So, this past summer, I became a dad for the first time. You’d think striking off on my own to create a consultancy and embrace the unknown would come in handy for finding my footing as a parent.
Actually, In my experience as a dad, six or so months in, not so much. In fact, it’s the other way around: becoming a parent has made me a far better founder.
And that’s because I’ve become more conscious of the assets and attributes necessary to guide growth, regardless of if it’s for a tiny human or a nascent business: Curiosity. Connection. Empathy. Attention. Flexibility. Focus. Patience. Grit. Vision. Resourcefulness. Servant Leadership.
For me, one big thing I’ve been really doubling down on is an abundance mindset. Instead of saying, “I can’t get that done in 10 minutes,” I ask myself what would it look like if I got that done in 10 minutes? Or what CAN I get done in 10 minutes?
Now I have good reason to get my work done so I can get on with the work of parenting. Notice I used the word “work” in both cases because it does take a huge amount of focus and commitment to set your baby up for success. So, let’s look at the intersection and see how we can nurture a greater understanding of everything it takes to foster the development of something precious.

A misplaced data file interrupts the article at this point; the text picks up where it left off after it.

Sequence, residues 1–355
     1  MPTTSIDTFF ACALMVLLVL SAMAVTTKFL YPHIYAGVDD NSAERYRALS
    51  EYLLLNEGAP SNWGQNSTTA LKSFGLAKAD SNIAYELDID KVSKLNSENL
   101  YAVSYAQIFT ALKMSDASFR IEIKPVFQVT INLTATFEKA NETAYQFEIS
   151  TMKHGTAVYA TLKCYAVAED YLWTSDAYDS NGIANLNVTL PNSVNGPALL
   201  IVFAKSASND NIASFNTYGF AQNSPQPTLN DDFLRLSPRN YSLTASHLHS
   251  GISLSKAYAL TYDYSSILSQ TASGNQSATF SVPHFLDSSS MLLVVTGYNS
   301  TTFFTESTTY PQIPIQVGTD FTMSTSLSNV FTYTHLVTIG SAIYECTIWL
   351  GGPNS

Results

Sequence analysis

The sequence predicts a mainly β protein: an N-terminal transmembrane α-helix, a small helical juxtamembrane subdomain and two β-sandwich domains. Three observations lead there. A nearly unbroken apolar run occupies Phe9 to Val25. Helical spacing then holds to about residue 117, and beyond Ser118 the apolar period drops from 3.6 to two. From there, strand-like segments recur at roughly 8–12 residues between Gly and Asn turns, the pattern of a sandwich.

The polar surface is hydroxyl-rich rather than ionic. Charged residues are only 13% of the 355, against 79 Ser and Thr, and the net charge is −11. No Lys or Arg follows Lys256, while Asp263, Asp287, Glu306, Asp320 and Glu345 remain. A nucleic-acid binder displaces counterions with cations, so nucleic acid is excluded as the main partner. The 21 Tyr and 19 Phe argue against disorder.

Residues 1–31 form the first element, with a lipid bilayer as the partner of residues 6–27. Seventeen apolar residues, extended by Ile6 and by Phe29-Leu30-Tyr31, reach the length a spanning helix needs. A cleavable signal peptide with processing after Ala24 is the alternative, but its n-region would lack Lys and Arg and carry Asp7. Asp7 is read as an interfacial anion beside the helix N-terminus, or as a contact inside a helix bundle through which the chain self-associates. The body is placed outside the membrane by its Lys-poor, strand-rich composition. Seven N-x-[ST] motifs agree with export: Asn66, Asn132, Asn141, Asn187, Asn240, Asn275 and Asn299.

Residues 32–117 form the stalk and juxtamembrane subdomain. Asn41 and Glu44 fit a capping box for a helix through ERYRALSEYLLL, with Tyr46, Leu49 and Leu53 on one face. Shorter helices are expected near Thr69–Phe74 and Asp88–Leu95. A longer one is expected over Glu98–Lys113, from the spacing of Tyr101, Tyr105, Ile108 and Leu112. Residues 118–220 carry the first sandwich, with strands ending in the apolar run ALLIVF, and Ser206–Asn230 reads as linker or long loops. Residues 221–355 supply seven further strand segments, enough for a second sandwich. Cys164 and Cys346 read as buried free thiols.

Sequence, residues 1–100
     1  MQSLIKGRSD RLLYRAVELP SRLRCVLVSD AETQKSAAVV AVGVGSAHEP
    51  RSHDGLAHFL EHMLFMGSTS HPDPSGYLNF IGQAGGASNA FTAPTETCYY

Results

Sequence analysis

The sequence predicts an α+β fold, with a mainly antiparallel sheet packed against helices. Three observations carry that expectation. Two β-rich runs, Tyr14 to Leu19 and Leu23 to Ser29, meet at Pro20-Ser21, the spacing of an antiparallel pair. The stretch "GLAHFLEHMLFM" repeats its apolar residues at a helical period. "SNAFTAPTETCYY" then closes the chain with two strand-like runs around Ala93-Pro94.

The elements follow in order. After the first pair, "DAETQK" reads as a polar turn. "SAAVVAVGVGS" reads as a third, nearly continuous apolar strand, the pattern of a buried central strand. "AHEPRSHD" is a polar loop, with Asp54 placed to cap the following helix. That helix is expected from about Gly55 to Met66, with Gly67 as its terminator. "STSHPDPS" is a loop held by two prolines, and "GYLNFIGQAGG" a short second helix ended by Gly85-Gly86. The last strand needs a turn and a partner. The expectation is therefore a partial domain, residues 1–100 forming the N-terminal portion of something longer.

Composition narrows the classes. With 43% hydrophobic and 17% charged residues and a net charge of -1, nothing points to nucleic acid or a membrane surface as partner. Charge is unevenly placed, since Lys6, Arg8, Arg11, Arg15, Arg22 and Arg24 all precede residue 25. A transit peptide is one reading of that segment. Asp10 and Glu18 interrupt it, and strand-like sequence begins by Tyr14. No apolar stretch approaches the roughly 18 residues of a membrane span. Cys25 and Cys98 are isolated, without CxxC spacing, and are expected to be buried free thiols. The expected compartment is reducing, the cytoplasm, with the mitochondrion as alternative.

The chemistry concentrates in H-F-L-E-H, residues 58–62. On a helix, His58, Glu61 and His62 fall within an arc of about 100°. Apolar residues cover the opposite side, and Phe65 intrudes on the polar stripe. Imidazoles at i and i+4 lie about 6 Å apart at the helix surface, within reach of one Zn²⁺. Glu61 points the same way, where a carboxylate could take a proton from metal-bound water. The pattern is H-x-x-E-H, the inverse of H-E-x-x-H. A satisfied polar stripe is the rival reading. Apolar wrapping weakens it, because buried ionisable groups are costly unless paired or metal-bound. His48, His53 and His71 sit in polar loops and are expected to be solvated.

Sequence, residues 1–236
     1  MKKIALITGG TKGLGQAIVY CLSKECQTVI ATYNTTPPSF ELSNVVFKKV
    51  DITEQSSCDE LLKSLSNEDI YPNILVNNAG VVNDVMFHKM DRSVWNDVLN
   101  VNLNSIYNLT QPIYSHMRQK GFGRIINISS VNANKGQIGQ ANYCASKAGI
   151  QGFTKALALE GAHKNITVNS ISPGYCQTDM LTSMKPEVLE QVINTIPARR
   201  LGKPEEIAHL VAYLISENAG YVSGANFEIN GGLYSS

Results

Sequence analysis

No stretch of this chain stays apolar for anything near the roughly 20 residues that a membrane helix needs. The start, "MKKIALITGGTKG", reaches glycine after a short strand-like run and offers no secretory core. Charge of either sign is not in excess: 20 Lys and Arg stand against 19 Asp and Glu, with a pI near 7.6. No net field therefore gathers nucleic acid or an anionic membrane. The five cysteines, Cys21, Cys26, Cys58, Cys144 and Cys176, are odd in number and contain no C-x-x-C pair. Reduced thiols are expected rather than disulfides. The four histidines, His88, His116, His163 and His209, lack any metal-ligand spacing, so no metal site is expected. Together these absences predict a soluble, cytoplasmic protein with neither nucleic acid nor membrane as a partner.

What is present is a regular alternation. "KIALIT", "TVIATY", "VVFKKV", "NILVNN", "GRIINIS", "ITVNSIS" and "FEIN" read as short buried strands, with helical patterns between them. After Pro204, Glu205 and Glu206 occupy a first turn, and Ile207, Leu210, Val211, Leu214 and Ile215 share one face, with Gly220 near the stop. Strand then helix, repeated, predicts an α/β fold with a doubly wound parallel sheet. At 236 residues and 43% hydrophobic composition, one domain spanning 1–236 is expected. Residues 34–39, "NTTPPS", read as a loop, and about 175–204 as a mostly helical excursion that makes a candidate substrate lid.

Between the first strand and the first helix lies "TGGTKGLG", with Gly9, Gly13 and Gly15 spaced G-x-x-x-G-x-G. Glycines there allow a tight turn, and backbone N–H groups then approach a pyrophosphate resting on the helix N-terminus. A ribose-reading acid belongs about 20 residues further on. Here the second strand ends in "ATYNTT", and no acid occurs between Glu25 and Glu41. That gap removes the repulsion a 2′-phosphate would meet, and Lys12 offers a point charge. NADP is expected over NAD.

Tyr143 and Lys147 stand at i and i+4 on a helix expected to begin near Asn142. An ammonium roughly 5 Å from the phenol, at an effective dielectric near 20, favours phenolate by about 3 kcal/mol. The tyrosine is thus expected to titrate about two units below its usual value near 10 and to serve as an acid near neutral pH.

Become a Lifelong LearnerAs a serial entrepreneur and recovering workaholic, I can’t help but draw parallels to work and parenting.
So here’s one: What I see in leaders that run disruptive organizations that leapfrog their competitors vs. leaders who are stuck in the sea of stagnation, is the ability to see and act upon the possibilities in things.
But like many of the stagnated views I get paid to help people overcome, I realize I was in a rut myself.
Initially, becoming a dad was what I suspected it would be. It felt like I was handing over all my aspirations and desires in exchange for a screaming, pooping, crazy baby.
Moreover, it confirmed what I’d heard my entire life about having a child: everything I had would be upended, and life as I knew it would slip out of my control.
Now, why did I have that impression? Because literally, everyone says the minute you get married or otherwise partner off: “When are you gonna have kids? Hurry up… and kiss your freedom goodbye! Sure, it’s the hardest job you’ll ever love, but…”
So many buts. And so much negative framing and projection! It reminded me of my entrepreneurial journey, which was met by many of the same objections. Why leave a cushy job to take the risk of striking out on your own?